First thing; your going to want to start with two hives. You can go with one but you'll want another because it is so fun. Also, when one hive struggles (they will) your have a reference and can even use one hive to bolster another. Start with a package of bees; this is usually about 3 pounds of unrelated bees (the apiary just goes around shaking bees into a box and then they add a newly mated queen that is prime). Packages can run anywhere from 80 to 120 bucks. I've never done a package but I got my brother into it last year and its the route he went. You can also collect a swarm (fun, but you need to know what your doing). The last option is to buy a nucleus hive (basically 3-5 frames of bees with a queen). If you are handy, you can by your supers (boxes) and frames and slap them to together (again, its fun). Each hive should have the options of adding more boxes. Go with medium boxes for everything. Trust me on this one. Medium boxes. Do not go with deeps.
    Check out Mann Lake for their starter packages.
    I think you'll spend 2 to 3 hundred dollars to get started. Then when the honey starts to flow it will get more expensive. Do not get an extractor initially. Just cut out the comb and crush. I do all natural comb. Most start with foundation.
    You have to address the Varroa mite. This is not an option. Figure out the best way for you to go about it. I use formic acid in the spring and fall.
    You are going to lose some of your hives. No getting around that. But persevere and you'll love your new hobby.
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    And there is no better honey than that that comes from your own bees!

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    At this point in time... gssixgun's Avatar
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    Awesome info guys, I am just smiling from ear to ear right now
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    Quote Originally Posted by 32t View Post
    If you have a good recipe share it here! LOL
    I shared this with Tom and thought I post it for the forum here:
    I have a tale to two meads:
    The first batch I used a Cote D' Rhone yeast and I was shooting for a semi-dry mead (dry, semi-dry and wet, wet is cloying to me. Semi-dry is like a nice white wine). It had a peppermint after taste that was a bit medicinal for me but it was a beautiful, clear mead that was around 12 % alc. I was really happy with how it came out despite the slight medicinal taste.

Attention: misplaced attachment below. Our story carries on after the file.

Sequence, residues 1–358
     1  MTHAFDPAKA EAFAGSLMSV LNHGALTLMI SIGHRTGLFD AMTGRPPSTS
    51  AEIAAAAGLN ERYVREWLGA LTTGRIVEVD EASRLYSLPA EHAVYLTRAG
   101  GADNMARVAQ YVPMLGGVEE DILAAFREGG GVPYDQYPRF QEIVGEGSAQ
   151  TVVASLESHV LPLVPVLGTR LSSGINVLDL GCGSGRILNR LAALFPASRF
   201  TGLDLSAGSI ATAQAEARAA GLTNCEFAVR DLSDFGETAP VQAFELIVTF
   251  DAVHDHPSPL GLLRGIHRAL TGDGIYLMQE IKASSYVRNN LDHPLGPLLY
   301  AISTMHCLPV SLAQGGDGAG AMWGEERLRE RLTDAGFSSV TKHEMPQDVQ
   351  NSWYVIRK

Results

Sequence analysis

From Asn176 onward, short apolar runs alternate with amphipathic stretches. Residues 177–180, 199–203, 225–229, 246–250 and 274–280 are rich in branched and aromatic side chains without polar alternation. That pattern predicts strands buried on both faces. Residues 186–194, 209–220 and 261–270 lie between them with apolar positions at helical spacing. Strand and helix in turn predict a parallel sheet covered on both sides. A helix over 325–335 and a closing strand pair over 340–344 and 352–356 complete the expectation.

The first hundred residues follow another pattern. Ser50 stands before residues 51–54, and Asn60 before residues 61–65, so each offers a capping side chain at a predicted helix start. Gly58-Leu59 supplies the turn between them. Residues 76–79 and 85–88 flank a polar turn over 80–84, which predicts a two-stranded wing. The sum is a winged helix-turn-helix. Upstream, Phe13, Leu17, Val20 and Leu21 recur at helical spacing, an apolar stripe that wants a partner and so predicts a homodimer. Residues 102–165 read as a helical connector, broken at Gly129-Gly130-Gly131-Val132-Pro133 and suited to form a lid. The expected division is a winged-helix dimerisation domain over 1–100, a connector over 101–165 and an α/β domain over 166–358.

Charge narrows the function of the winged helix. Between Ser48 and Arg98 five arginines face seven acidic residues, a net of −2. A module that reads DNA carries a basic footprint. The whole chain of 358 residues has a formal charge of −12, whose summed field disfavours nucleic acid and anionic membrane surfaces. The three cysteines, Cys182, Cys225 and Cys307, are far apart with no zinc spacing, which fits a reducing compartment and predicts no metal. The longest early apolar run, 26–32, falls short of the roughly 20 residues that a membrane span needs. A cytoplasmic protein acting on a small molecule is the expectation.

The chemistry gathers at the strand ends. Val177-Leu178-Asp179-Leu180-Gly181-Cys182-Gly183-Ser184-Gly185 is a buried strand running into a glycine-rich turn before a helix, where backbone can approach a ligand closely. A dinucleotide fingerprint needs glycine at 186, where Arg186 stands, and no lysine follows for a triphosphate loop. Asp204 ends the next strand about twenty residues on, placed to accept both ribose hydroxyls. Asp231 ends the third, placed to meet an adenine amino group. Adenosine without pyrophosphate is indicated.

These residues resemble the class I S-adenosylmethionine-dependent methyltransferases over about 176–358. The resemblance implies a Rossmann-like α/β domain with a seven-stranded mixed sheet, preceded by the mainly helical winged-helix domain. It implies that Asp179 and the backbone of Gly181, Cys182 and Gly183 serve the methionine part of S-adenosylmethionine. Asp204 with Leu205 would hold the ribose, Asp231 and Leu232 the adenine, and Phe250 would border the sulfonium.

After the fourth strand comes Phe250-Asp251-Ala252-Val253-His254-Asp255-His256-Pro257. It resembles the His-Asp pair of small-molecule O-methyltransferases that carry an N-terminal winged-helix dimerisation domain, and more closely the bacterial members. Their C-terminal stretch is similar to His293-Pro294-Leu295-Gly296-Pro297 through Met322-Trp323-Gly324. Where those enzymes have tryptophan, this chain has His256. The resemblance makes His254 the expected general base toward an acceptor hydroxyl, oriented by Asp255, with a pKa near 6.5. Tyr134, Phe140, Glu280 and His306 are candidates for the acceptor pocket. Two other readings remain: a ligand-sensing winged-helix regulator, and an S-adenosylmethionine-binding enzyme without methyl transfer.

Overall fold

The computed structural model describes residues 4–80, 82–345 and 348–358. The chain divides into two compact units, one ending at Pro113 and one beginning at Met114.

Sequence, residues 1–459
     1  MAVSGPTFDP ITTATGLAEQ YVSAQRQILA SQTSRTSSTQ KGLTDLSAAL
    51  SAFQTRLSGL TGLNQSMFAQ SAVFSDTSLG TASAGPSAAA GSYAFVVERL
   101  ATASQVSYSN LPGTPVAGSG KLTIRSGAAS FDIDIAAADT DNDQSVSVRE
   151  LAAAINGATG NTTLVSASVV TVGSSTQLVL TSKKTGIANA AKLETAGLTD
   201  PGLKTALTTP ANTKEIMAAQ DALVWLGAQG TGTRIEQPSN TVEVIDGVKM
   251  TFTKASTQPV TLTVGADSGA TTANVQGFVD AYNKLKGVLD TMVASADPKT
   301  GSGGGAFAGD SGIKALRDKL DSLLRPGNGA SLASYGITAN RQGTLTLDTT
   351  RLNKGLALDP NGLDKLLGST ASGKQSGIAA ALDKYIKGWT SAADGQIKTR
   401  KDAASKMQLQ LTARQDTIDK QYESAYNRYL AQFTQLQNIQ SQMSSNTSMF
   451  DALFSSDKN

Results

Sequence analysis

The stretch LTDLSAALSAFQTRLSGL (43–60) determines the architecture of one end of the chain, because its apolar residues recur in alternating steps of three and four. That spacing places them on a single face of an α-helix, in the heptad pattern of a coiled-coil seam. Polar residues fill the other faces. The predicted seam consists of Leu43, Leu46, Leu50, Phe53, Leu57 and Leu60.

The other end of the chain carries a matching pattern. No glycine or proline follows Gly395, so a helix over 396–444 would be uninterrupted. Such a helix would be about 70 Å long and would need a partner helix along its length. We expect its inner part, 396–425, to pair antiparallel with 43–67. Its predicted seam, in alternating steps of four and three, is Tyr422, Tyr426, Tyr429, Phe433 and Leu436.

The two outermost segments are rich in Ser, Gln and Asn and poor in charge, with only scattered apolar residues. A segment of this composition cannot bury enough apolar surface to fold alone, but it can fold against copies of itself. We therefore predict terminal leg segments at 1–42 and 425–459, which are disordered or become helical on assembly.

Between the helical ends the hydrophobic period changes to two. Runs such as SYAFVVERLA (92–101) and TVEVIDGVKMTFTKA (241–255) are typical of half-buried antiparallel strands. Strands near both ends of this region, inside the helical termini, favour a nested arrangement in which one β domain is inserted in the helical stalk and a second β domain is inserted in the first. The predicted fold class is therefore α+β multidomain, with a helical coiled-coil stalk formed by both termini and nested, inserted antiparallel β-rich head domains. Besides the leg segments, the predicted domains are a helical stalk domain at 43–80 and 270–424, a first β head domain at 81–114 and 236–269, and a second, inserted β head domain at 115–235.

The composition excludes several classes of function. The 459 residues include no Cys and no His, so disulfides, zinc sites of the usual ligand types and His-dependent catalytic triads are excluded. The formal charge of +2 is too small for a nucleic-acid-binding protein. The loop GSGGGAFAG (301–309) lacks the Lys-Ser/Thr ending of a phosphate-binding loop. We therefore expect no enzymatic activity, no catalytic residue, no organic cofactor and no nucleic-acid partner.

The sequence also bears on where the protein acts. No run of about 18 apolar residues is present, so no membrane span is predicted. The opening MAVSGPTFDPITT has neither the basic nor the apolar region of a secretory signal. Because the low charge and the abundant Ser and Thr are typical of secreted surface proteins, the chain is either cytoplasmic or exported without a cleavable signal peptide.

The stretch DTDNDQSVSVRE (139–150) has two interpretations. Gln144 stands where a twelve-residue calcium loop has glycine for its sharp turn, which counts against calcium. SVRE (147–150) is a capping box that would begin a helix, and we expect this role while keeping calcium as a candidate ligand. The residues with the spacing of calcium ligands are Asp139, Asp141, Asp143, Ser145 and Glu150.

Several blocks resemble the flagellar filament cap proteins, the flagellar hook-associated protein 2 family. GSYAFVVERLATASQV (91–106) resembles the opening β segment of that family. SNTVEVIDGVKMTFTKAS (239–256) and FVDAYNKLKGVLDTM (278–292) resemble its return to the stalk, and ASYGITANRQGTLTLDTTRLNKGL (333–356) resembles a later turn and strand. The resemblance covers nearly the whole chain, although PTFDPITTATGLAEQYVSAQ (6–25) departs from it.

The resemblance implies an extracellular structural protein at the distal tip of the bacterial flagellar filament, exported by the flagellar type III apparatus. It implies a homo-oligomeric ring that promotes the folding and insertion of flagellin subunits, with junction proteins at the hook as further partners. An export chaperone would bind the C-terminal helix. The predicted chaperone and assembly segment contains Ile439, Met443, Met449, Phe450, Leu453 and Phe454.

The second batch I used an early spring harvest honey and a generic mead yeast. We got a little lit during the brewing and messed up the ratio a bit. The mead taste amazing but the alc. was only about 7 %. It never cleared up like the first one so a bit cloudy looking.
    I do a 5 gallon batch and use about 12 pounds of honey. Water, yeast, honey. After it ferments see if you can crash the temperature to help with the clarity.
    Are you sourcing your honey from elsewhere? Make sure it is not star thistle honey; great tasting honey but supposedly makes the mead taste like wet socks. See if you can get a nice light honey from a spring harvest.
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    I am not a numbers person and I tend to round up to be on the safe side. I said $138 for bees in an earlier post and iit really was $133.9075 each after tax.

    Here are my receipts so far.

    #1 Bees. 2- 3lb Carniolian w/queen and 2- 3lb Italian w/queen. $125 each $535.63 after tax

    #2 Basically 4 unassembled hives. Long list but 2 large supers 9 5/8" and 2 small 6 5/8" per hive. I am going to need some more but need to start some where. Only 3 tops and bottoms because my friend gave me 1 set.

    11% off Sale from Mann Lake. Free shipping.643.94 after tax

    535.63 + 643.94 = 1179.57 USD

    Don't tell my wife!!!!

    Tim